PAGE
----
But yes, kudos to all the parents who try to make their children's nutritional health the best it can be (including those who need to use formula). All I ask is for more understanding and less sensationalism.
No, Kat S. is right, it still has importance in the US past the age of 2. That kind of thinking, that it's a parenting choice, is flat out wrong and why the AAP updated its statement. Weaning before 2 is increasingly tied to disease and future health issues, including some new research that points to a link with Autism. (Like, REAL research, not the fake MMR research.) Human normal growth and development evolved and developed with 3 being the norm for weaning, and much of our future health depends on it.
I loathe the desire to pit women against each other with the caption "Are you Mom enough?" We have enough drive-by parenting and judgmental crap to deal with as mothers; this magazine cover is little more than a giant trolling for flame-wars.
As for nursing, there is more to it than nutrition and health benefits; it's part of the bond between mother and child. This image, with the woman looking at the camera, does not shock me because of the age of the child; it creeps me out because it's like a fashion pose with the child as accessory; it says nothing to me about not the connection between the two.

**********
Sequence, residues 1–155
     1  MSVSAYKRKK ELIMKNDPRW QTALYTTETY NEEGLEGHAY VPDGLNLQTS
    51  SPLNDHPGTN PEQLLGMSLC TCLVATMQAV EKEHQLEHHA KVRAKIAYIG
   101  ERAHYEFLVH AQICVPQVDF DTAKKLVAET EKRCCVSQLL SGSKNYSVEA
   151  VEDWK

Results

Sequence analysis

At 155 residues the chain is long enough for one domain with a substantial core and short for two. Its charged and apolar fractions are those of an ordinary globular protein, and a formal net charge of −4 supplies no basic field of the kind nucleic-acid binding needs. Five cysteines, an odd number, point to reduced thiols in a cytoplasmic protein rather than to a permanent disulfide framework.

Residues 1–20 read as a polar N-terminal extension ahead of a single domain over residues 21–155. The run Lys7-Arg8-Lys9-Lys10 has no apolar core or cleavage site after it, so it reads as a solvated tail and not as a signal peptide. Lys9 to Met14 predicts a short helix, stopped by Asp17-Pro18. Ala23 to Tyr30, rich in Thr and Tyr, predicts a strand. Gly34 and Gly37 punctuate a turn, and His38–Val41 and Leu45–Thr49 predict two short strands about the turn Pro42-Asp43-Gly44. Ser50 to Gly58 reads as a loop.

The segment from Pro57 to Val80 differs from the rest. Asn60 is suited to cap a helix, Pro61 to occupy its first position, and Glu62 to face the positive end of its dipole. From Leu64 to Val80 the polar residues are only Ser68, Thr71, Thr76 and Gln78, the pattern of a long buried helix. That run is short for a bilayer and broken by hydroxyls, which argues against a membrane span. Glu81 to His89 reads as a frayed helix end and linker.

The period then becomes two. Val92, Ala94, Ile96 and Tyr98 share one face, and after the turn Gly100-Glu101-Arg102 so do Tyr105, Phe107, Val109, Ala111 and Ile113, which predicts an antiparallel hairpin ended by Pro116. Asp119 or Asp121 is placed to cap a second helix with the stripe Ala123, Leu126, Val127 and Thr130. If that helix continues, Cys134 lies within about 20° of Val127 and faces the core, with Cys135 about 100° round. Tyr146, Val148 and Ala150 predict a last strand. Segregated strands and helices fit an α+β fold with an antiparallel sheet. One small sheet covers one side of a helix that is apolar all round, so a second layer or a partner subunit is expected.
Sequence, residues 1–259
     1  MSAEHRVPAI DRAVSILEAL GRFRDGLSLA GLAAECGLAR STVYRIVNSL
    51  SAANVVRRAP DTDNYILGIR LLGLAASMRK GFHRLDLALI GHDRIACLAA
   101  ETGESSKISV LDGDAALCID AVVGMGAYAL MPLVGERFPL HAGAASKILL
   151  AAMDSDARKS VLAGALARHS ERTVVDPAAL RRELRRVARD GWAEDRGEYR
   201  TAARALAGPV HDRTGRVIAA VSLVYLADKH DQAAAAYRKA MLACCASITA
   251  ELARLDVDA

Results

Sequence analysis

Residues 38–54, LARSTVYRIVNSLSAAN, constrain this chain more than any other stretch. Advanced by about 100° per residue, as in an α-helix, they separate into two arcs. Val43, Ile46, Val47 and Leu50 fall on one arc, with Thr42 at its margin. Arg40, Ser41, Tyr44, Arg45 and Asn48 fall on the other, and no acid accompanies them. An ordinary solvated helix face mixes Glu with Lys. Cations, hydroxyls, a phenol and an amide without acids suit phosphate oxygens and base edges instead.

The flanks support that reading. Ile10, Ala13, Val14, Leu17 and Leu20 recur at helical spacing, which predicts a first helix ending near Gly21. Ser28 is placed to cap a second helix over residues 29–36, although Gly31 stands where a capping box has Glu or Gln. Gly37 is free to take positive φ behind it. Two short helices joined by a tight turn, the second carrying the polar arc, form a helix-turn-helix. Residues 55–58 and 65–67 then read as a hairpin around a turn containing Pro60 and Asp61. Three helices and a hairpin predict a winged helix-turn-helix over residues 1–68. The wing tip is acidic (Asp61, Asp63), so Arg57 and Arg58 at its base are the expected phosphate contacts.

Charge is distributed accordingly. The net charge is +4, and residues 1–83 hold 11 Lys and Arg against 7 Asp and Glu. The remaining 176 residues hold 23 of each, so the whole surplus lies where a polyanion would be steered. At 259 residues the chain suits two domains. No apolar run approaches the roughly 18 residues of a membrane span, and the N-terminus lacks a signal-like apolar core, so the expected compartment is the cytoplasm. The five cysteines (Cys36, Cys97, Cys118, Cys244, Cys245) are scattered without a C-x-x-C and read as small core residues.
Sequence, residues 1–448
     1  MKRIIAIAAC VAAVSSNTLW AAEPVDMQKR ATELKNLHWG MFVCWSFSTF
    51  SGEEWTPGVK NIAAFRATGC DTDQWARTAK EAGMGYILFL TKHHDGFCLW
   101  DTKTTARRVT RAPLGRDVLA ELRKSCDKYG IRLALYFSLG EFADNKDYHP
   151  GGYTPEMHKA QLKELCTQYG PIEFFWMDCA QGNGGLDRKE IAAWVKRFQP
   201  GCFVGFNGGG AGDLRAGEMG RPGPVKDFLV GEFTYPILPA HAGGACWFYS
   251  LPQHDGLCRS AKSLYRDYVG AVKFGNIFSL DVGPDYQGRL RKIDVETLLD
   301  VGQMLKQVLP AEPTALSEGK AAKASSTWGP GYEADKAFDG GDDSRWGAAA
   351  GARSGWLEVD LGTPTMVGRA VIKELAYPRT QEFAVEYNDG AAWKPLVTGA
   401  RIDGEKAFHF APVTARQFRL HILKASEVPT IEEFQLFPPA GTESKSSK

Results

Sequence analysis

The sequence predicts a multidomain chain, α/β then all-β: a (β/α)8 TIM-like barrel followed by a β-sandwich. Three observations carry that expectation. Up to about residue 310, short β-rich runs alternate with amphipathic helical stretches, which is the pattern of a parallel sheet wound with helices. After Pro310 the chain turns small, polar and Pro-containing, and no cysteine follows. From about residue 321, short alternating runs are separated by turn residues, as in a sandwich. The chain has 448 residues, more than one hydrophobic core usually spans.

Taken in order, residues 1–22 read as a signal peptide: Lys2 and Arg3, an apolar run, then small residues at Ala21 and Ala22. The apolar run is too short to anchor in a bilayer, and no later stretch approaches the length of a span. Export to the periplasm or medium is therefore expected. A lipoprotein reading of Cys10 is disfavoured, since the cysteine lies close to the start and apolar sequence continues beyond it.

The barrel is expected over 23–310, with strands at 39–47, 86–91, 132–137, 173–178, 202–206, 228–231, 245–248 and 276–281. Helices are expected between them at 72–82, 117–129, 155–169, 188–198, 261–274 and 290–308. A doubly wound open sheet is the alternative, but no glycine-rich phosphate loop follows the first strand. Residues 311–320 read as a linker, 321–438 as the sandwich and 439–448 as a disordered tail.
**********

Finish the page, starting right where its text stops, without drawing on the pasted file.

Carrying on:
What I find odd is that our children are not weaned off milk,but instead they are weaned into the milk of another species -per doctor advice! How about a more socially acceptable cover of a grown person nursing from a cow? I don't want to sound too crazy here, but the world seems upside down sometimes.
I'm 100% with you.
I can see breast feeding up to the age of two but after that we should let nature take its course. Let the lactase gene turn off and say goodbye to milk. Mammals, including humans, don't need to keep drinking milk later than that.
From your friendly public health professional: Extended breastfeeding is quite healthy, regardless of where you live. Good on you, moms (and supportive dads/partners).
From your friendly soon-to-be-new-mom: I'm unsure I have the social fortitude (or can get past the squickiness factor) to do it myself past 12 months. But that's my problem, not yours.
From your friendly neighborhood Minnesotan: If you don't like seeing toddlers breastfeed, look away. And save your ire for kids that are abused, neglected, and unloved--these kids will be just fine in the grand scheme of things.